I’m struggling with the inferred expense concept. I’m in the same boat as Sally. I have some mileage which is not billable and some which is. I am a limited company one-man contractor. I understand 1 & 2 above but struggle with 3. Could you possibly expand on #3 and the need to periodically ‘clear’ the account?

First, be sure to read this Guide, which was written much more recently than my August 2015 response above. It is more thorough and includes examples. The so-called inferred expense is the second type discussed in the Guide.

Second, expense claims need to be cleared from the Expense claims liability account only if the person incurring the expense (in this case via mileage on a car) is not a capital account owner or employee. As explained in the Guide, in those cases, the expense is automatically transferred to a capital account or the Employee clearing account, respectively.

If you have set yourself up as an expense claims payer, the claim will appear in Expense claims and remain as a liability of the company until you clear it. The reason it is a liability is that you have invested money, paying a real expense of the business, by driving your personal vehicle. Your tax law will allow you to deduct that expense, even though no company funds were actually paid out of the business bank account. (That’s why your bank account won’t balance.)

So you transfer the liability to an equity account. The exact equity account depends on how your chart of accounts is set up. Basically, you debit Expense claims and credit the equity account.

Thanks for the reply. I’m clearer now but I’m not sure which guide you are referring to. The hyperlink (if it exists) doesn’t work for me. Can you confirm the title?

I’m sorry! I forgot to paste in the hyperlink. Here it is: https://www.manager.io/guides/6898. It is also available from within the application under the Learn How To list while in the Expense Claims tab. It’s the first one on the list.

Excellent. Pretty sure I’ve got it dialled.

I deleted all of the mileage ‘spends’ against the business cash account & instead set myself up as an expense payer and expensed all of the mileage as allowances allocated as billable expenses to the client. I then allocated a ‘spend’ from the business account to myself as an employee and refunded myself the mileage allowance. My bank account now balances.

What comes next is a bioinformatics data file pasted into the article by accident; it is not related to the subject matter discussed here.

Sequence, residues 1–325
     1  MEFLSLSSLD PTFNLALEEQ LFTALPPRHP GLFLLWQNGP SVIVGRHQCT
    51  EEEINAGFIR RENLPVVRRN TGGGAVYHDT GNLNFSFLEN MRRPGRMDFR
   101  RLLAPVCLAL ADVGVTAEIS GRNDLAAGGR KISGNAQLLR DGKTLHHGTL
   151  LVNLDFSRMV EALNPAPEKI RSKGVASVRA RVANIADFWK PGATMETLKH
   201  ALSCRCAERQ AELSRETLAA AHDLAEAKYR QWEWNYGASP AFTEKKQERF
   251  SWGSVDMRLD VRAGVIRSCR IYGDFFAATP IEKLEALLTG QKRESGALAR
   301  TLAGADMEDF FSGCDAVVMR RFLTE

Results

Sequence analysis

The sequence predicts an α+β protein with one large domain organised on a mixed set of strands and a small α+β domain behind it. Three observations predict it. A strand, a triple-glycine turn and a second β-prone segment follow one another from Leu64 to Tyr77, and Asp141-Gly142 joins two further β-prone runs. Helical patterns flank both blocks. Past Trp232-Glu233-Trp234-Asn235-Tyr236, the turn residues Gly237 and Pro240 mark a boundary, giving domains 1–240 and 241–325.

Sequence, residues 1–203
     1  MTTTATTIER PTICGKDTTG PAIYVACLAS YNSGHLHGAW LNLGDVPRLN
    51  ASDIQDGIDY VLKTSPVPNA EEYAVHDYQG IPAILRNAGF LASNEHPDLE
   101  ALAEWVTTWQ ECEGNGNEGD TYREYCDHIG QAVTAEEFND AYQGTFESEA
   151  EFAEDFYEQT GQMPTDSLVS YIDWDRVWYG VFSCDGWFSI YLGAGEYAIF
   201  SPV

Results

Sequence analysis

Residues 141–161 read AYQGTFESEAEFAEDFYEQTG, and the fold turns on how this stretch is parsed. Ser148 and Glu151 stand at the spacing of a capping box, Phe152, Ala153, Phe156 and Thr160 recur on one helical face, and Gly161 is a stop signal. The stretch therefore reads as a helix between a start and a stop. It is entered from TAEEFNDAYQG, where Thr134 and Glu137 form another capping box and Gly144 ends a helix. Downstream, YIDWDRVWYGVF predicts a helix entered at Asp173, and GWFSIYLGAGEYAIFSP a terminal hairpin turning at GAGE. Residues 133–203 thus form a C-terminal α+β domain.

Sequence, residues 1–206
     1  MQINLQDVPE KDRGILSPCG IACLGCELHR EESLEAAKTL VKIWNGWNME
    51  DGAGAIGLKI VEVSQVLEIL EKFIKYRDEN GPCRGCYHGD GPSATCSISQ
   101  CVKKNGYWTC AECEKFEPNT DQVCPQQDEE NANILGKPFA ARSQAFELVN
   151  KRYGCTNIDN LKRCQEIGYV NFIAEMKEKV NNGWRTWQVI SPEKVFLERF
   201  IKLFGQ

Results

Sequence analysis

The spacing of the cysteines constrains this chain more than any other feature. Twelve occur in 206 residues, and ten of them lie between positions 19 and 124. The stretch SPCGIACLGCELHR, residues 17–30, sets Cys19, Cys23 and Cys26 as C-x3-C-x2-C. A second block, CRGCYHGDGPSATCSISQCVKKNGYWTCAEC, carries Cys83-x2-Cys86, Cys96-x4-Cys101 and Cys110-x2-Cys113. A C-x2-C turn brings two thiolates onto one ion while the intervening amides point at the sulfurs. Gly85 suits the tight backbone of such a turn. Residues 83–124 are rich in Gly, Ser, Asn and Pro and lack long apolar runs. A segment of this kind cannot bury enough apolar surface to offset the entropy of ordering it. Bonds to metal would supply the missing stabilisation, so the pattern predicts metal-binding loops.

It was the concept of me having provided a service (my car + associated costs) to the business which required re-payment which I struggled with given no money was changing hands but your guide and explanation made things clear.

Many thanks!

If you had yourself set up as an employee, you did not need to create yourself as an expense claims payer. All employees are automatically set up as expense claims payers and listed under that heading in the expense claims Payer dropdown list. If the situation is as you described, your name now appears unnecessarily in two places.

Damn…so close :smile: I hadn’t set myself up as an employee yet. There had been no need as I have not drawn any salary from the business.

I have now however set myself as an employee, flipped all of the expenses from me as an expense payer to me as an employee and deleted my Expense Payer entry.

Thanks again.

I didn’t mean to imply you should set yourself up as an employee. I only mentioned that because you wrote about spending to reimburse yourself as an employee.

I don’t know the law in your jurisdiction, but in some, it is actually illegal for a sole owner to be treated as an employee. You’ll have to check local law on that. Normally, reimbursements and “salary” for sole owners are both handled as payments from owner’s equity or drawings against a capital account.